Bethlehem Press

Friday, March 23, 2018
CONTRIBUTED PHOTODropkick Murphys, 7:30 p.m. March 12, Sherman Theater, Stroudsburg. CONTRIBUTED PHOTODropkick Murphys, 7:30 p.m. March 12, Sherman Theater, Stroudsburg.

Dropkick Murphys’ Celtic punk

Friday, March 9, 2018 by CAMILLE CAPRIGLIONE Special to The Press in Focus

Celtic punk band, the Dropkick Murphys, ring in Saint Patrick’s Day early, 7:30 p.m. March 12, Sherman Theater, Stroudsburg.

The band’s singles, “Tessie” and “I’m Shipping Up to Boston,” brought them international fame. The latter song was featured in the 2006 four-time Academy Award-winning movie, “The Departed,” directed by Martin Scorsese and starring Leonardo DiCaprio, Matt Damon and Jack Nicholson. “I’m Shipping Up to Boston” went on to become a platinum-selling single.

The group, founded in 1996, began playing in the basement of a Quincy, Mass., barbershop and got its first big break when The Mighty Mighty Bosstones selected the band as the opening act for a 1997 tour. The Dropkick Murphys was signed by Hellcat Records and in 1998 released its first full-length album, “Do or Die.” The band was named after John “Dropkick” Murphy’s alcohol-detoxification facility.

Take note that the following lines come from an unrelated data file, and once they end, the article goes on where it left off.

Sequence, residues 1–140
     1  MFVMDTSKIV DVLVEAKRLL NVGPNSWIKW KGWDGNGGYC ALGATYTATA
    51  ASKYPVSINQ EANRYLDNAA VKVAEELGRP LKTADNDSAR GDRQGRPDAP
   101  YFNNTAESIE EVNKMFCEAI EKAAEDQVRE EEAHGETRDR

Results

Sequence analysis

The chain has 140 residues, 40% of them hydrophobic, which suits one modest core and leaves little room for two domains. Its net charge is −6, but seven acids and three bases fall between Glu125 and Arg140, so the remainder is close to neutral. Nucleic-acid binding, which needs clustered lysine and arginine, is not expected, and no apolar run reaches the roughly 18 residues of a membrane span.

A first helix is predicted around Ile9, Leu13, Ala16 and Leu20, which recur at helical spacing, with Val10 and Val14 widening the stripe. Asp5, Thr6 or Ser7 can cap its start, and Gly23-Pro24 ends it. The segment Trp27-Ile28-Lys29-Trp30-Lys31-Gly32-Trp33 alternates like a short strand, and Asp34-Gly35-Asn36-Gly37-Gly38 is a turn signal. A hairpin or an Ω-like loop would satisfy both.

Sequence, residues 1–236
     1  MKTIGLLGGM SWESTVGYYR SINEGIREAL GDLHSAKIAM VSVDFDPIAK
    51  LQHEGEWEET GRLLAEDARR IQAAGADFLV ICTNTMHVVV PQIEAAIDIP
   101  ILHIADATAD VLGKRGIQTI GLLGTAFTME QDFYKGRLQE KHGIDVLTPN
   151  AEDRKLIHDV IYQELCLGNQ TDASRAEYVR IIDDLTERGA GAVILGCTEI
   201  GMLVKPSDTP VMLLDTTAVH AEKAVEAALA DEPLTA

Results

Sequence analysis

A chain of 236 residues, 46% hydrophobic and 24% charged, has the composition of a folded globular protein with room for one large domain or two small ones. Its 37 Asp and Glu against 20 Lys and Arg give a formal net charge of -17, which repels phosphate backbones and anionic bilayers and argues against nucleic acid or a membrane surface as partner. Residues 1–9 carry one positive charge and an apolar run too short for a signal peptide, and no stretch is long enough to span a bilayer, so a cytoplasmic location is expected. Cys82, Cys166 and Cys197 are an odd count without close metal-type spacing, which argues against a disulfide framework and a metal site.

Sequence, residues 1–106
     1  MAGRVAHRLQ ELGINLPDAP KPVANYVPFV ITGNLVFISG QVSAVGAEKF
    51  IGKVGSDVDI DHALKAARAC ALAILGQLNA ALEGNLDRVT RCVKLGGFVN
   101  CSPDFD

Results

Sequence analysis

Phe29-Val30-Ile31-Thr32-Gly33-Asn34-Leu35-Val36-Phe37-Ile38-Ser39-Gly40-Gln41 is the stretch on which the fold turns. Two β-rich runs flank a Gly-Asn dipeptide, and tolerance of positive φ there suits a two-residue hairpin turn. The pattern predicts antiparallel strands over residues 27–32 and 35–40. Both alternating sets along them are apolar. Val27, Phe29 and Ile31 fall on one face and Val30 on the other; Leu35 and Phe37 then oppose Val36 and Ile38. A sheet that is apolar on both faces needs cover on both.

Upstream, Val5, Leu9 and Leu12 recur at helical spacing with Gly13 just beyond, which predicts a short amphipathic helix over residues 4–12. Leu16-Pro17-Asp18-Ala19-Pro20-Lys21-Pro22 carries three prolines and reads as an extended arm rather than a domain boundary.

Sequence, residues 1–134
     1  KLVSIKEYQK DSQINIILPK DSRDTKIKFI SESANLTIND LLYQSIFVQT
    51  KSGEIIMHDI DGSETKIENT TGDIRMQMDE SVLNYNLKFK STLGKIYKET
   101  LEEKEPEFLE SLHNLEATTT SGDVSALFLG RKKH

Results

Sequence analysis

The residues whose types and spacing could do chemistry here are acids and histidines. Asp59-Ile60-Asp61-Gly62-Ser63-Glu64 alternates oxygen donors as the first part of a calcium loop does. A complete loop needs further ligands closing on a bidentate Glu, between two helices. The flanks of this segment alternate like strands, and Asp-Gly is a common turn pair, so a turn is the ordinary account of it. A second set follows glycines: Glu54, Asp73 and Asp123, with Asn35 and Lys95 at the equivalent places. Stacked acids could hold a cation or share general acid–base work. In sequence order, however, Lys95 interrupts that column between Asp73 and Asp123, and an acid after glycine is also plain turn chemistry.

In 2009, the Dropkick Murphys joined Bruce Springsteen & the E Street Band on stage in Boston during his “Working on a Dream” Tour. In 2015, the band was invited by the New England Patriots to perform at the season-opening game at Gillette Stadium. The Dropkick Murphys recently toured Switzerland, Italy, France and the Netherlands. The band has sold six million albums worldwide.

Dropkick Murphys defy the punk genre with upbeat Irish music, haunting vocal tales, energetic rhythms and buoyant mandolin. “Rose Tattoo,” from the “Signed and Sealed in Blood” album, reveals the poignant and powerful songwriting skill of original band member Ken Casey, Jr. It’s a tribute not to a sweetheart, but to Casey’s grandfather, a union worker in Boston.

When asked in an email interivew if the founding members of the band could have foreseen the enormous musical and political impact of the band, drummer Matt Kelly states: “Artistic? Haha! Political? What?”